Send to

Choose Destination
See comment in PubMed Commons below
Dev Psychol. 2001 Jan;37(1):135-51.

Attention and recognition memory in the 1st year of life: a longitudinal study of preterm and full-term infants.

Author information

  • 1Department of Pediatrics, Albert Einstein College of Medicine/Children's Hospital at Montefiore, 10461, USA.


Several aspects of visual attention and their implications for recognition memory were examined in a longitudinal sample of full-term and preterm (birth weight < 1,750 g) infants seen at 5, 7, and 12 months of age. At all 3 ages, full-terms had shorter look durations, faster shift rates, less off-task behavior, and higher novelty scores than preterms. Both groups followed similar developmental trajectories, with older infants having shorter looks and more shifts. Infants were consistent in attentional style across problems of the same type, across problems that used different types of stimuli (faces and patterns), and across the familiarization and test phases of this paired-comparison design; there was also modest cross-age stability. Shorter looks and higher shift rates during familiarization were related to better recognition memory, with shift rate adding to prediction independently of either peak or mean look. These findings underscore the importance of attention to infant information processing.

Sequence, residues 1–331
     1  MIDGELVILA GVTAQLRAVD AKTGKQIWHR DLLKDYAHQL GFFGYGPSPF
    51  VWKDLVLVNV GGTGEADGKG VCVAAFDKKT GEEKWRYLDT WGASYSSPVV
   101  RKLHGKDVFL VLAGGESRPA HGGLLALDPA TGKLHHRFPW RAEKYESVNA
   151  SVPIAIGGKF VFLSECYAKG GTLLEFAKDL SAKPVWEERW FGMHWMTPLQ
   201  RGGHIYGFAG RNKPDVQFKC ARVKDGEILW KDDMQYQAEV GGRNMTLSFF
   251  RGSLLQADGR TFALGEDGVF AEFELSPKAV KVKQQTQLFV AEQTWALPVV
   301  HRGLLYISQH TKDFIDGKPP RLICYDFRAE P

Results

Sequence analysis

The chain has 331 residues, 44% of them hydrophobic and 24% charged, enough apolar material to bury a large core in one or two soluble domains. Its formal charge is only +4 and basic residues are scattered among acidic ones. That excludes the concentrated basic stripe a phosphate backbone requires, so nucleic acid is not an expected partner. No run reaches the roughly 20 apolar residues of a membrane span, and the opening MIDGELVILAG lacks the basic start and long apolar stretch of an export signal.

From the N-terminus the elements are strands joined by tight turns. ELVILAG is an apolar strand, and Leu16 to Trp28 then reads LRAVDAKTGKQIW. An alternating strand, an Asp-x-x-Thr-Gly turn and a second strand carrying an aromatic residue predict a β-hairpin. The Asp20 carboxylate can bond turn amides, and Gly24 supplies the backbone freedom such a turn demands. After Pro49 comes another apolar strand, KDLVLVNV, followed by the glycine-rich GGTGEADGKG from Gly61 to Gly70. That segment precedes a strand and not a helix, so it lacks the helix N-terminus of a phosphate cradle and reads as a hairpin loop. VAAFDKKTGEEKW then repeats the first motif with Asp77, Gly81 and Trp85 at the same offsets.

[PubMed - indexed for MEDLINE]
PubMed Commons home

PubMed Commons

How to join PubMed Commons

    Supplemental Content

    Full text links

    Icon for American Psychological Association
    Loading ...
    Support Center